When looking to level up their SEO content game, most brands place emphasis on content creation. Of course, consistently publishing fresh pieces is an important part of any successful content strategy.
But is there another way to improve your organic traffic and rankings? One that doesn’t involve adding new items to your editorial calendar.
If you’ve been investing in content for a while, then there is a low-hanging SEO fruit that you may have overlooked: content refreshing.
In this article, you’ll learn what a content refresh means, its benefits, and how you can do it to drive more returns from your SaaS website’s content repository.
- A content refresh is the process of updating and optimizing your existing content to retain or improve its performance in terms of SEO and/or conversion rate.
- Regularly refreshing content has several benefits, such as better rankings, engagement, and domain authority.
- There are many ways to refresh your old pieces. This includes adding more depth, updating outdated information, redesigning for a better user experience, merging similar posts, etc.
Everything, including content, decays over time.
To keep your SaaS website’s content business-relevant, factually accurate, and up to the mark in terms of earning traffic and Google rankings, you need to conduct regular content refreshes.
In essence, a “content refresh” is the process of updating, editing, and optimizing your existing content (blog articles, guides, eBooks, FAQs, etc.) to maintain or improve its performance and relevance.
Of course, how you overhaul your content will vary from piece to piece. It can include quick improvements like inserting new images, examples, navigation elements, etc. Or, it could mean more intensive updates, such as rewriting the piece with a fresh angle or a design update.
But before we get into the how, why invest the time and effort into a content refresh? Is it worth it?
Refreshing content is a way to derive evergreen value from old pieces, even if they aren’t written on an evergreen topic.
The most successful SaaS brands like Zapier frequently update their old content to retain their top spots on search engines. The one below on best time-tracking apps has been updated every year since 2018 — and it continues to rank in the top two for the head keyword.
What’s more, according to data from Orbit Media, bloggers who update old posts are 2.8x more likely to report stronger SEO results.
So while revamping an old piece may not always yield the expected results, done right, a content refresh offers several benefits for your organic search visibility and conversions:
All in all, refreshing content is a relatively low-effort strategy to maintain and improve your content’s performance. It’s the perfect way to make the most of the content you already have. So, ensure to make content refreshing an integral part of your content strategy, and proactively conduct one every six or so months.
The question is…
All content decays, but not all content deserves a refresh. Here are a few factors to consider when auditing your content to decide which decaying pieces need a refresh:
Moreover, during your audit, you’ll likely find pieces that are performing really poorly in terms of getting little-to-no traffic, or posts that are totally outdated in terms of relevance to your SaaS.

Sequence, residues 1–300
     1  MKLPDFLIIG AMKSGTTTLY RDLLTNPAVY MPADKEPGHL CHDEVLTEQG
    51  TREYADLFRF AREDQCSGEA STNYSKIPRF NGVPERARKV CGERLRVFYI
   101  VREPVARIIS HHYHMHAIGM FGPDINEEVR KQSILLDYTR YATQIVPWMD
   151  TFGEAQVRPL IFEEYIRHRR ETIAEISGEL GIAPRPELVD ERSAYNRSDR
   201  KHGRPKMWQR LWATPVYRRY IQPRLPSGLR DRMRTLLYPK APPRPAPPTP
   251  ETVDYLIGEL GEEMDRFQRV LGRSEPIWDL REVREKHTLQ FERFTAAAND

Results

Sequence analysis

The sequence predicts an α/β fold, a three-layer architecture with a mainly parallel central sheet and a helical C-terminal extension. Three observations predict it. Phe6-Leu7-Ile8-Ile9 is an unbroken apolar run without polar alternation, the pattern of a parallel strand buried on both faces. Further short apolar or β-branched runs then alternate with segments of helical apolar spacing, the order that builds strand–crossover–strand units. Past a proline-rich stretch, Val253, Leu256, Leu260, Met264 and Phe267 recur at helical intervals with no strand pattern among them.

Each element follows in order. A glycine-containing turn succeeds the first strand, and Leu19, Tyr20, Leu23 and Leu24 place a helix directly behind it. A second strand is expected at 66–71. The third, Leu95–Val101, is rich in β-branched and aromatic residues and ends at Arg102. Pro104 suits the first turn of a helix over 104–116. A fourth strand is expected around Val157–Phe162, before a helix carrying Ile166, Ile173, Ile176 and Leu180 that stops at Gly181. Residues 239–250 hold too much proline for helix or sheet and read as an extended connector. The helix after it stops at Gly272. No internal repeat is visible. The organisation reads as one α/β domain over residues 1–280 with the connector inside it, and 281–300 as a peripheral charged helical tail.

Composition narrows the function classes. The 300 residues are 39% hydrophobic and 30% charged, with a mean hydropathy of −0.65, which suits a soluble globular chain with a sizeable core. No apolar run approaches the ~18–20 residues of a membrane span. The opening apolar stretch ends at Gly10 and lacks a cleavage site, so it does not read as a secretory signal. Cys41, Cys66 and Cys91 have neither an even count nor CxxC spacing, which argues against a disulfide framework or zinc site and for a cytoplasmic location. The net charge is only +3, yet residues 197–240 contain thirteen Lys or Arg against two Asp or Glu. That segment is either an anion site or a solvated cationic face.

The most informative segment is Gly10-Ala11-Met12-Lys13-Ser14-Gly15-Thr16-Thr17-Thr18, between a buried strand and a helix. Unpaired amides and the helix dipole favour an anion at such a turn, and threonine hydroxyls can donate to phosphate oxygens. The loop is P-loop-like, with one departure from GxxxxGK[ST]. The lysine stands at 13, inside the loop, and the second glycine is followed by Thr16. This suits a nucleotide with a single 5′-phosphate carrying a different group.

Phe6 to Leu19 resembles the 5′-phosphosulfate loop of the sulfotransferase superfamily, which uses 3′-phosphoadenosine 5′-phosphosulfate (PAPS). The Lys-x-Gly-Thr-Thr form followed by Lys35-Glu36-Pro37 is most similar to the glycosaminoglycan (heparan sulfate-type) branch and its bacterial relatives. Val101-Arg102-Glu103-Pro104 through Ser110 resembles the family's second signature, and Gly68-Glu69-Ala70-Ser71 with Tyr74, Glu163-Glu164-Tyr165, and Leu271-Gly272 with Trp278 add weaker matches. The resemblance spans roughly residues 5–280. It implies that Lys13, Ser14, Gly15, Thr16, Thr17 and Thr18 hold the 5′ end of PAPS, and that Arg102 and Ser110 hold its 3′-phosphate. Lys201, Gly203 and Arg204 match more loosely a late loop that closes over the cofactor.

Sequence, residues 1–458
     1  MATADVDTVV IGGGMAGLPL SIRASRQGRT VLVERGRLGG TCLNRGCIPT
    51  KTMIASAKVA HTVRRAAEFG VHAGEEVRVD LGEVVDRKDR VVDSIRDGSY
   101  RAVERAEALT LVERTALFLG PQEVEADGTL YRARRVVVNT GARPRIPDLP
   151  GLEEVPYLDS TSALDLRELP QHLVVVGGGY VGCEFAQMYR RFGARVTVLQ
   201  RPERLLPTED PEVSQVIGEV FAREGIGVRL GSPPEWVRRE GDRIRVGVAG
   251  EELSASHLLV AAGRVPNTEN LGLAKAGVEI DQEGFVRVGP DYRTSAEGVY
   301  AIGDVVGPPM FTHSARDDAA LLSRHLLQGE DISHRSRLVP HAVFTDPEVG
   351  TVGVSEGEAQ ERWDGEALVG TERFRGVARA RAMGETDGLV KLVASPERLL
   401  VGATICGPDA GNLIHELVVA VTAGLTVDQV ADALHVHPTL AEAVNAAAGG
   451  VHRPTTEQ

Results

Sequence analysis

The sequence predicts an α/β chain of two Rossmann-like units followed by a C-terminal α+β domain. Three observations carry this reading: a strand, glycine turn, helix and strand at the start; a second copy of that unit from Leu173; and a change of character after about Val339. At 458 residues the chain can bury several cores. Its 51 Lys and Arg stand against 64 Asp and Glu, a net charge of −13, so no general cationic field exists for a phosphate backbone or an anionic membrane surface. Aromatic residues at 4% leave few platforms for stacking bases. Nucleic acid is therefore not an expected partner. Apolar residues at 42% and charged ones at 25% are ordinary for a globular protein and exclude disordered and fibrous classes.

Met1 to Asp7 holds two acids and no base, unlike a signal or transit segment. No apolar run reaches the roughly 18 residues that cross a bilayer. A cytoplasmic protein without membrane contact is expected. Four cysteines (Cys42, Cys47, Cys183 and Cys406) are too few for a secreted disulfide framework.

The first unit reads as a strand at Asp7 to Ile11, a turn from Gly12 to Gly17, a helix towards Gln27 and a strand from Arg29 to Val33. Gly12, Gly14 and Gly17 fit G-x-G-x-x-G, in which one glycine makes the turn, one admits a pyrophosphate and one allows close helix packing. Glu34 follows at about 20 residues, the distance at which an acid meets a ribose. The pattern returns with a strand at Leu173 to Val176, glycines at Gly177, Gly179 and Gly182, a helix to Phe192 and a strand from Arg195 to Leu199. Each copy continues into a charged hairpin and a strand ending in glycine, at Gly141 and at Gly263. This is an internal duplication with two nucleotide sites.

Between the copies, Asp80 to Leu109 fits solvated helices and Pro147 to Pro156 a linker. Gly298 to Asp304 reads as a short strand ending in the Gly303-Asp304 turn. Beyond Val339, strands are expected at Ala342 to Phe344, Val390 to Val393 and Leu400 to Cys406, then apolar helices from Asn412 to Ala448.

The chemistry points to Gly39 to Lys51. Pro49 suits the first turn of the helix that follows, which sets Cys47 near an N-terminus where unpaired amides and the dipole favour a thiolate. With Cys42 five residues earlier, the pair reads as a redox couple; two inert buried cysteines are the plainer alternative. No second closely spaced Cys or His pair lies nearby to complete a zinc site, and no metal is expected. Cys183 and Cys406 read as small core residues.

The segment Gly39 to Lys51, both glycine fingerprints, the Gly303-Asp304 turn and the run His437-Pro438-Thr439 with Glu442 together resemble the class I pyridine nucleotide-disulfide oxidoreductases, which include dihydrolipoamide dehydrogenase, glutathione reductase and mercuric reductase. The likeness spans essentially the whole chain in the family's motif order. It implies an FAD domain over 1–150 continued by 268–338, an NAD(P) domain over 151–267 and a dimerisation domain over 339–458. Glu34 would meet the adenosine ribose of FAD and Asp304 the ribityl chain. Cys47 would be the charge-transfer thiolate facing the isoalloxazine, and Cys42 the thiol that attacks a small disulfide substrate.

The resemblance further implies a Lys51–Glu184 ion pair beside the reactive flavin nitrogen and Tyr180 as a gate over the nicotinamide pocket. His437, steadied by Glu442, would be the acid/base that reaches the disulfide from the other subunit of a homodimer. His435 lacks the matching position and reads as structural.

In these cases, it makes sense to merge the poor-performing post with a better piece and make that piece even stronger (ensure to set up a 301 redirect for the old URL to the new one after shifting the content to the better piece), or delete the irrelevant ones as they do more harm than good to your website’s topical authority.
To identify decaying content, you can use Revive. It connects to your Google Analytics account, checks for decaying content, and emails you a list of articles to prioritize refreshing. It does so by analyzing your past 12 months’ traffic data and reporting on the total percentage of traffic lost, the length of the decline, and when the decay started. Here’s how the report looks:
Case in point: for Zeda.io — a SaaS product management toolkit — we refurbished several old posts as a part of our content strategy for their blog. We started by auditing their blog from the beginning and pinpointing weak content pieces (such as this guide on product management) based on SEO performance metrics from Google Analytics and Ahrefs.
According to Shahid Abbasi, our Senior Technical SEO Lead, a “weak” piece is one that has:
With such pieces listed out on a spreadsheet, our content team updated them one by one to provide fresh information and actionable advice while weaving in Zeda.io as the perfect solution to cover those topics comprehensively and maintain competitiveness on the SERP. We also decided to get rid of weak content that was dragging down the overall domain performance.
Now, let’s look at…
While there are endless ways to improve old content based on your goals, here are the five most effective ways you can focus on when revisiting and revamping an old piece.
If your content refresh goal is to boost SEO performance, then this is one of the foremost tactics to focus on. While content length isn’t officially a ranking factor, many experts and our own anecdotal evidence prove that longer content does tend to rank better, provided it’s actually useful and not fluff for the sake of hitting a word count.
And so, here’s what you can do to make your content more in-depth, the right way:
Include quotes from subject matter experts in your industry to make your content unique (like we did for our client JetOctopus, a SaaS technical SEO platform.)
Take a look at the top three posts in SERP and determine the average word length. If you find it to be around 1500 words, aim to refresh your content so it surpasses that.